34(2007); http://dx.doi.org/10.1118/1.2760330View Description Hide Description
Purpose: The diagnostic x‐ray shielding requirements for Radiographic and R&F rooms presented in Figs. 4.5 through 4.8 in NCRP Report No. 147, and for cardiac angiography labs, have been fit to a three‐parameter equation that relates the barrier thickness x to the value of NT/(Pd2). The locations of the source in the imaging room appropriate to the determination of distance d are also explicitly presented. Methods and Materials: Section 4.2.4 of NCRP‐147 presents lead and concrete shielding requirements for barriers around “representative” Radiographic and R&F rooms that include contributions from all clinical beam locations and directions. The required shielding thickness, x, for the various barriers around each room is presented graphically as a function of NT/(Pd2), where N is the weekly number of patients, T is the occupancy, P is the permitted weekly air kerma, and d is the distance (in m) from an x‐ray source to the occupied area. This method has been applied previously to cardiac angiography labs. Letting η0 be the maximum value of NT/(Pd2) for which no shielding is required, barrier thickness x depends on (NT)/(Pd2) following the equation of Archer et al. (1983): . Results: The values of NT/(Pd2) (mGy−1 m−2) have been fit to Eq. 1 as a function of x for the curves in Figs. 4.5 through 4.8 of NCRP‐147, and for cardiac angiography labs. The resultant values of η0, α, β, and γ for lead and concrete barriers are presented. Conclusions: The use of Eq. 1 with the fitting parameters facilitates the use of the NT/(Pd2) methodology from NCRP‐147 in computer applications. The agreement of the fit and the thicknesses read from the NCRP report is better than 0.026 mm lead and 1.7 mm concrete.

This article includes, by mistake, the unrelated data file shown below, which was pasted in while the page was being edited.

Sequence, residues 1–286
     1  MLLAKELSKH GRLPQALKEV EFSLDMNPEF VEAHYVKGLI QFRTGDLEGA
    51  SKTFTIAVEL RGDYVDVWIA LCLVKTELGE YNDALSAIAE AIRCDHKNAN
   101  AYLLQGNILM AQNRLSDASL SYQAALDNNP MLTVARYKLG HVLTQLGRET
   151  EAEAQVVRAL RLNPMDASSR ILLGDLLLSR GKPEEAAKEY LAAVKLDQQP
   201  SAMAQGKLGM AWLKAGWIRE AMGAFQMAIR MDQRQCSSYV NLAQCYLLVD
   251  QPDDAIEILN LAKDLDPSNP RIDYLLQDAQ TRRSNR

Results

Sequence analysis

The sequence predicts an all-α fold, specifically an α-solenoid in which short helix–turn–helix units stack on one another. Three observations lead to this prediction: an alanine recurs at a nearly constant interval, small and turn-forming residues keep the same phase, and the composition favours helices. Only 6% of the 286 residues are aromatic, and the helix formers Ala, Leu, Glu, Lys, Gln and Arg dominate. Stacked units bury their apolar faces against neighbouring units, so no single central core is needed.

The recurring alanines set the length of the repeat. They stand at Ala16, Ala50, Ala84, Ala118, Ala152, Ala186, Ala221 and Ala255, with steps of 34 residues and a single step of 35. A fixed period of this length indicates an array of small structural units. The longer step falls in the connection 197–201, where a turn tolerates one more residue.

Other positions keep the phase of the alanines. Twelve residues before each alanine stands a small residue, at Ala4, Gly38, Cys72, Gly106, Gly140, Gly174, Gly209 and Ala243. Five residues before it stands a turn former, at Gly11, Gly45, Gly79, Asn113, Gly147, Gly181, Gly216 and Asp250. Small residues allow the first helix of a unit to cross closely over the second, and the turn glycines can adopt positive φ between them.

34(2007); http://dx.doi.org/10.1118/1.2760331View Description Hide Description
Purpose: In the last a few years PACS has been increasingly available and used in clinical care centers. However, there was no standardized quality control for PACS display units, which is the crucial last step in an imaging chain for all diagnostic imaging modalities. In 2005 the final draft of AAPM TG‐18 report was released. The purpose of this work was to implement QA for PACS display utilizing AAPM TG18 report in a tertiary care center. Method and Materials: There are total 66 diagnostic and clinical PACS display monitors located in various areas of the main hospital and 2 satellite clinics. QA procedures were developed using the 2005 final version of AAPM TG‐18 report. VeriLUM (IMAGE Smiths, Inc.) software was installed on all display monitors and a VeriLUM luminance/illuminance spot meter was used for all measurements. Various AAPM TG‐18 report test patterns were used for these evaluations. Results: Quarterly QA including geometric distortion, reflection, luminance response, luminance dependencies, and resolution was performed by a PACS technologist/coordinator. Annual QA including geometric distortion, reflection, luminance response, luminance dependencies, resolution, noise, and veiling glare was performed by a medical physicist. PACS display quality related issues were quantitatively determined using the QA procedures developed from AAPM TG‐18 report. Conclusion: QA for PACS display has been successfully implemented for a year and half in a clinical health care center using AAPM TG‐18 report. It is going to be used for the enterprise wide PACS in the health care system in the near future.